"How much warm-up is required with an aircraft engine and what are the dangers of taking off with a cold engine?" - Dan M.
“Good question and an important topic. First of all, the engine and aircraft manufacturers all publish different requirements. So my first answer to your question is to follow the procedures and limitations recommended by your engine and or airplane manufacturer. Remember they are the experts.
However, your question is what is the danger of taking off with a cold engine? First let’s talk about cylinder head temperature. Setting takeoff power causes a rapid buildup of engine heat. If the cylinders are not yet warm, this rapid temperature change can cause cylinder damage. So it clearly would not be good to go from engine start right to takeoff power. In most situations by the time the run up is complete the cylinder head temperature is OK for takeoff.
Now let’s look at oil temperature, very cold oil is less able to lubricate all those expensive engine parts. Further, the thicker oil causes the oil pressure to be higher and in an extreme case could cause the oil pressure to exceed the maximum allowable pressure on takeoff, possibly causing oil loss. Another danger of taking off with very cold oil is the possibility of the oil congealing in the oil cooler which can block the cooler and result in an extremely high oil temperature.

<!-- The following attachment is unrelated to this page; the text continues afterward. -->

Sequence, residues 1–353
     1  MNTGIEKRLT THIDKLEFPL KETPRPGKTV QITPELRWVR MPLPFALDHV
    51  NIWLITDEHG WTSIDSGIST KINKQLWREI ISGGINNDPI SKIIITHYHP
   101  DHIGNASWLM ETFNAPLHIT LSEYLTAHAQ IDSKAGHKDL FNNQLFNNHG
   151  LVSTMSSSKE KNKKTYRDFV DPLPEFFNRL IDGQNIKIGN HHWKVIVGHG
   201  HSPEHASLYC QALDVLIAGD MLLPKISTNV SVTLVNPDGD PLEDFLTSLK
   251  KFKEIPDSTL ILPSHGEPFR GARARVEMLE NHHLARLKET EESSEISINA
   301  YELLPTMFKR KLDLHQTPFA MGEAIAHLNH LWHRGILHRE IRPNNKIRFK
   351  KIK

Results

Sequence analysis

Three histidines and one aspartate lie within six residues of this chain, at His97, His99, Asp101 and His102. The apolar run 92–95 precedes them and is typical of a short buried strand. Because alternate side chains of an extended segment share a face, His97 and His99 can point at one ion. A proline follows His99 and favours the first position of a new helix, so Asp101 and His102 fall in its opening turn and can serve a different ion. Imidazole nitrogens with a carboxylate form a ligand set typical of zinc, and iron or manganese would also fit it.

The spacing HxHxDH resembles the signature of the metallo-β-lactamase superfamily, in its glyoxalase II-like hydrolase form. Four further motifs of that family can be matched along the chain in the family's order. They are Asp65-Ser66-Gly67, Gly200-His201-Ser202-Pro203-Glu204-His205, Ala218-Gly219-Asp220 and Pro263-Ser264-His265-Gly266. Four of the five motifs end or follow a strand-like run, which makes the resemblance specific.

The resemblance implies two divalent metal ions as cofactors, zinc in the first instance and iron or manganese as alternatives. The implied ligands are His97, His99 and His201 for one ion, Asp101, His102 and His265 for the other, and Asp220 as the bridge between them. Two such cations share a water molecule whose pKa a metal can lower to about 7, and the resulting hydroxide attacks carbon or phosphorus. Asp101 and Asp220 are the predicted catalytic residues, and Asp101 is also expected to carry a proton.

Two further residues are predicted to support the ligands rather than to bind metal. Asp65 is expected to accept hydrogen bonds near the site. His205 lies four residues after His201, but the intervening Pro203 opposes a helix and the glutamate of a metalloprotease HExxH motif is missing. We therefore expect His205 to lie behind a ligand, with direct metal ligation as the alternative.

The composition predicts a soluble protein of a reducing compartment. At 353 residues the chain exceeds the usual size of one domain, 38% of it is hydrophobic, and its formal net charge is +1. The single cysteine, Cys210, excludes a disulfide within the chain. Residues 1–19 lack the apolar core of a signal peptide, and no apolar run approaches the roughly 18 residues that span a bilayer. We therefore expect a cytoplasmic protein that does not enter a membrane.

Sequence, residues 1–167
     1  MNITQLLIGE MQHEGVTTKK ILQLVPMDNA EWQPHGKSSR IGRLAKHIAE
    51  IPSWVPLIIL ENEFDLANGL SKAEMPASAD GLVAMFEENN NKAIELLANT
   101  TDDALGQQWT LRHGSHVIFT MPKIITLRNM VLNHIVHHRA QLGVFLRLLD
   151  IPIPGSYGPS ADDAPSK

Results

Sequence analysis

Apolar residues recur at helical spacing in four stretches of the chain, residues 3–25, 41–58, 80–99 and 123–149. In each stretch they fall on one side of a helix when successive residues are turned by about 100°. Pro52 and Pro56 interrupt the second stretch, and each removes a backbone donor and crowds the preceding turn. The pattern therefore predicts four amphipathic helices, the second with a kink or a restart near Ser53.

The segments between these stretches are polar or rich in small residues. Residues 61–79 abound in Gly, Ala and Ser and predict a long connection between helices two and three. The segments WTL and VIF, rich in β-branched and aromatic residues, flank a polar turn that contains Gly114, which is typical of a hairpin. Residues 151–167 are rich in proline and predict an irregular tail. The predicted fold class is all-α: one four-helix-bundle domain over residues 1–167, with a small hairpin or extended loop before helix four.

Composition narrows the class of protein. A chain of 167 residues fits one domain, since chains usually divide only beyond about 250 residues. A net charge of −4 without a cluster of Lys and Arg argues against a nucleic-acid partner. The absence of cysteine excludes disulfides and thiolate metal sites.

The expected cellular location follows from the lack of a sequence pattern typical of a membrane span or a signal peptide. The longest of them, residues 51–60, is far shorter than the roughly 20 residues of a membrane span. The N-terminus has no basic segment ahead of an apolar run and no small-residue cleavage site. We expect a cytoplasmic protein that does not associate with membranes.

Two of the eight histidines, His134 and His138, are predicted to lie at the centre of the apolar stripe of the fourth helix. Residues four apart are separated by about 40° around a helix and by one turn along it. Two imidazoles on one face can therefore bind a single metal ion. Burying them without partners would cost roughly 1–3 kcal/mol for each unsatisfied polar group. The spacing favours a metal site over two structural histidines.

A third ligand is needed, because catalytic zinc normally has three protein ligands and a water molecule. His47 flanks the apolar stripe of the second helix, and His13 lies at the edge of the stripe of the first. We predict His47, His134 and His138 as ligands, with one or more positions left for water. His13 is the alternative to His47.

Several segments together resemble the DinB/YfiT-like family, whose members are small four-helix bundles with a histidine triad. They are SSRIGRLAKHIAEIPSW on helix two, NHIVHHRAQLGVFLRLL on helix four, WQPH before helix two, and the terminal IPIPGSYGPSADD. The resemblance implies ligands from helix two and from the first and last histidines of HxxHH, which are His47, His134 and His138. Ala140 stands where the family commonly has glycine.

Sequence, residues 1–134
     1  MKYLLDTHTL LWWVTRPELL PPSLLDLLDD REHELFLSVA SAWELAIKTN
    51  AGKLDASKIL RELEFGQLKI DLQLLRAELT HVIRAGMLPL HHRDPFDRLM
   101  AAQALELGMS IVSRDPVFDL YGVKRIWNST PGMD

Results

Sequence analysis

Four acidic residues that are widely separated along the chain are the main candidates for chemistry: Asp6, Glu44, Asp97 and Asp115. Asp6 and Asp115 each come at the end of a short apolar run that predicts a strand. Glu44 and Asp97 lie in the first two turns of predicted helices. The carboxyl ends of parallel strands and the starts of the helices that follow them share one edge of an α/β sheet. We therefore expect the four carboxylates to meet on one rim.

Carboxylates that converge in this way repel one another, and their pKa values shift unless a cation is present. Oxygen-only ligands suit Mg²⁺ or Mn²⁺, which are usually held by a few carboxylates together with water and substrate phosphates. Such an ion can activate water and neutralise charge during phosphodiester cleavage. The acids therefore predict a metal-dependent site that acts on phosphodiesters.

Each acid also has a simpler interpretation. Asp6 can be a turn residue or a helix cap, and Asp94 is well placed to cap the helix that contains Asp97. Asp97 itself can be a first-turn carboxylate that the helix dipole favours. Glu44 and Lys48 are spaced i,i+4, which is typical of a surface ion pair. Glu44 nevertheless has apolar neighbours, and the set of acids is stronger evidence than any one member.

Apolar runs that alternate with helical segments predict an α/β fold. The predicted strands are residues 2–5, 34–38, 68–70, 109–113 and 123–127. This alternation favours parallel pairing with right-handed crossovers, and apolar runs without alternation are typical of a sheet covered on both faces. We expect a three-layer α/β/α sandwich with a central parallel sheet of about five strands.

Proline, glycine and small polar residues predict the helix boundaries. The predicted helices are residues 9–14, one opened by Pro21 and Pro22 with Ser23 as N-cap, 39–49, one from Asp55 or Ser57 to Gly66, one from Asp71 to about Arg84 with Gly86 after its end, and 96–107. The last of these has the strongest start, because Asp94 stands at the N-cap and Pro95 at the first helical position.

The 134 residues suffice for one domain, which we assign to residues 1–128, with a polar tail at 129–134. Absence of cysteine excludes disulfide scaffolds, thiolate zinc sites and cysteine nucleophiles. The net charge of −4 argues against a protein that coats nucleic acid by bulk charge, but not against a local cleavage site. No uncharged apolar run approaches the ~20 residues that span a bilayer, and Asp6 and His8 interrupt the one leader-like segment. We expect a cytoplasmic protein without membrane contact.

Not all aircraft need to have the oil temperature in the green prior to takeoff. Some require a specified warm up while others do not. For example, the POHs of many aircraft equipped with Lycoming engines say if the engine is warm enough to take full throttle without hesitation, it is warm enough for takeoff. So in that case there is no requirement to get any temperature, oil or cylinder head up to a specific value. On the other hand, the Cirrus SR-22 POH says the oil temperature should be at least 100F before takeoff. My recollection from flying the DC-3 is that on that aircraft there was a minimum oil temperature specified prior to run up and yet another minimum temperature prior to takeoff.
The greatest engine damage during cold weather operations is caused by allowing the engine to run fast as it is started. It takes a few seconds to get the oil flowing at engine start and the RPM should be kept as low as possible during this time since lubrication is not at its best. Most manufacturers recommend pre heating the engine below certain temperatures to improve early lubrication and reduce engine wear during this critical period.
So, best practice regarding engine warm up is to follow the pilots operating handbook for your airplane, pre-heat when recommended and keep that RPM low when starting.”